I really like Bob Frankston’s essay about The Regulatorium and the Moral Imperative which links to stuff that the first pages of Technologies of Freedom (which I am currently reading) touch on. But when I read the following, I couldn’t help linking it to both the Regulatorium and Pournelle’s Law:
“In a series of valuable reports, [Ralph Nader] and his associates have confirmed dramatically what earlier studies had demonstrated less dramatically – that governmental agencies established to regulate an industry in order to protect consumers typically end up as instruments of the industry they are supposed to regulate, enabling the industry to protect monopoly positions and to exploit the consumer more effectively.”*
Or as a good friend once pointed out: It is hard for them to press hard their (most likely) future employers.
We were interviewing someone for a DevOps position. They were working at a managed network / security services company and needed to change a life and career. Their work was pretty much summarized as “A client files a change request; we implement it at the network device and we’re done”.
No provisioning, no automation, no versioning of configurations was in place. The candidate was not in a position to write code also. Since they were clearly more junior than the position required, we were saddened and in a way gave them some subtle advice to improve on their skills in order to have better luck next time they knock on a door:
- Learn to program in Python.
- Do that because you can learn to code with paramiko and Netmiko.
- Learn some basic git usage.
- It does not matter that your employer does not require you to automate stuff and practice version control. You will write a program in Python that will ssh into the client’s equipment, backup the configuration in git and push the requested changes back.
- You will have automated your work and will have more free minutes per day to read about stuff.
- You will have more to talk about in your next interview.
When you’re not pushed by the environment, you need to begin from somewhere. Oh and understand some basic statistics, because you will need to understand what you graph. It should not only be pretty. It should be useful.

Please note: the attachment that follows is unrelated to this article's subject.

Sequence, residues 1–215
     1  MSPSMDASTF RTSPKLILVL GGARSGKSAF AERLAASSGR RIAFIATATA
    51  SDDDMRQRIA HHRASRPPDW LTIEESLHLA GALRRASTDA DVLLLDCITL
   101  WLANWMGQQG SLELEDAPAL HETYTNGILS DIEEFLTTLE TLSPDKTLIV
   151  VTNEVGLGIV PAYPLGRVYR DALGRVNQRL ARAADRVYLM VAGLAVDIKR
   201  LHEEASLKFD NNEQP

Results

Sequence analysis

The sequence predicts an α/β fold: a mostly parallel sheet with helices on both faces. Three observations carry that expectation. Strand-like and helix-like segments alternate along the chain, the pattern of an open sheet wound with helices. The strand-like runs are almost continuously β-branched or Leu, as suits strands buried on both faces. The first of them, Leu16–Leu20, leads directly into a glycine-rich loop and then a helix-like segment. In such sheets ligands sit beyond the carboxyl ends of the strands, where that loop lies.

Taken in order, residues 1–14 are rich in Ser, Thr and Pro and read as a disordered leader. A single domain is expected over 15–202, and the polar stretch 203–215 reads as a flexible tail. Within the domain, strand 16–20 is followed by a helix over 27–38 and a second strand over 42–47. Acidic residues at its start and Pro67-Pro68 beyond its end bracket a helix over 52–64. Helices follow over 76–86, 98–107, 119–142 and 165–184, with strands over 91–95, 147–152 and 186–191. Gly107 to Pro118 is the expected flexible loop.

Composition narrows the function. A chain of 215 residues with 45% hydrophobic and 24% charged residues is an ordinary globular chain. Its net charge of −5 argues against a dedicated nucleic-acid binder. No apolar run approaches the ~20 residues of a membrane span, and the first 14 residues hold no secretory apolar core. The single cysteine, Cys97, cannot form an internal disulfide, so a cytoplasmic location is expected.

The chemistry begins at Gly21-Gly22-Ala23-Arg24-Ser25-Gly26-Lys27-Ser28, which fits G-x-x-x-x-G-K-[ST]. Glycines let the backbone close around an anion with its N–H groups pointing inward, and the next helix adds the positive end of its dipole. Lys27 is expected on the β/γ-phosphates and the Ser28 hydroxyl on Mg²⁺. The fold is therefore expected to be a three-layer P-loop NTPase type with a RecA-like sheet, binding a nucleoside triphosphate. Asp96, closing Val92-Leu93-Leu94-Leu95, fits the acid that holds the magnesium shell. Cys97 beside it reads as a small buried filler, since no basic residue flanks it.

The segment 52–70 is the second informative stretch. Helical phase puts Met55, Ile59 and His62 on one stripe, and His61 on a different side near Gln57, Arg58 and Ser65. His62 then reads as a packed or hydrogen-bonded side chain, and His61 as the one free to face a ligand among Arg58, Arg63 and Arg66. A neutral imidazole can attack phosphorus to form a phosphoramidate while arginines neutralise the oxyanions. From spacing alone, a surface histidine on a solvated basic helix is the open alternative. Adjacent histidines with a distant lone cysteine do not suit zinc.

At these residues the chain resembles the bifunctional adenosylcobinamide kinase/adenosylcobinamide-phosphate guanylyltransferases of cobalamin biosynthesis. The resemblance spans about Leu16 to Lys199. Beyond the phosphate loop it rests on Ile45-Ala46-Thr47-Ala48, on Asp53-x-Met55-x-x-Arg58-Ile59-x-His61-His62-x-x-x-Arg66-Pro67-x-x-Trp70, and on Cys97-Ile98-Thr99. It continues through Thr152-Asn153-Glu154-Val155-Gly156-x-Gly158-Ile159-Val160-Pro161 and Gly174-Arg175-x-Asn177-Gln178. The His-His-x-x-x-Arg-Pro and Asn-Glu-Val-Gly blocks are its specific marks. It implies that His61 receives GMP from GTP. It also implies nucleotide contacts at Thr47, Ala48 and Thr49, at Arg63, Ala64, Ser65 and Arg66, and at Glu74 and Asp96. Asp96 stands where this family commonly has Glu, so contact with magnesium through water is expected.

That went away fast. You can finish it in one shot. Especially if you are in one of the most thankless professions, with lots of responsibility and zero authority. The narrative, however thin, feels close to heart because this things happen. Or may have even happened to you or someone you know.
While this is no Phoenix Project, the first sixteen chapters serve to lay the playgound for implementing a proper postmortem process, where no one is afraid to withhold critical information. This along a very useful bibliography is presented in the last chapter.
- A Leader’s Framework for Decision Making
- How Complex Systems Fail
- From Safety-I to Safety-II
- The Field Guide to Understanding Human Error
- Thinking Fast and Slow
- Drop the Pink Elephant
As always, the hard thing is to make people who think that “rolling heads” improve morale and performance, to see the error of their ways.
Why are you here?
To make contact with World. A peace mission
I first learned of Nancy Kress via the IEEE Spectrum podcast. Since Yesterday’s Kin was not published yet, I read the Beggars in Spain. This week, it was Kin’s turn. It read fast, less than two nights in a row. Science fiction and genetics is Kress’s playing field and she handles it well.
So what do you do when an alien race, advanced in Engineering comes your way? How do you proceed when they reveal an incoming threat for both races and request for scientific assistance? How do you deal with information sharing? With conspiracy theories that arise worldwide? How do you build trust?
I really do not know what to write without revealing the plot. This is a fast paced story, the genetic science “computes” (well at least if you are not a biologists, then maybe it does not, but I remember she does a lot of research prior to writing anything). It is one of those stories that when reading them I think “It runs so good that I do not see a perfect ending”. Indeed the ending is not the best of endings, but at least it is plausible within the novel’s context and its sub-arcs.
A really nice piece for when on holiday.
Each day I want to be 1% better than the last
I don’t think that even he understands the power of the message. Let’s make a simple graph out of it, where on day 1 we have a value of 1 for a certain skill:
What this means is that in less than a year you aim to be x7 better than when you started. Granted this is only a rough estimate and depending the subject, the difficulty, other issues and any other kind of ceiling a x7 result won’t come, but still, the result won’t be linear.
As the days go by, you’re becoming extremely more competent than you thought, even if today you did not make it to be 1% better than yesterday, but only 0.1% better.
The point is that you do not stop.
A small post just to break the blog hiatus. Once upon a time there was a Prolog interpreter that was used in the Windows NT kernel. You can read about it here. The code is in the public domain and years ago I had downloaded from the net. It seems that it took me close to 8 years to put it on GitHub, for software archaeologists to dig into if they like.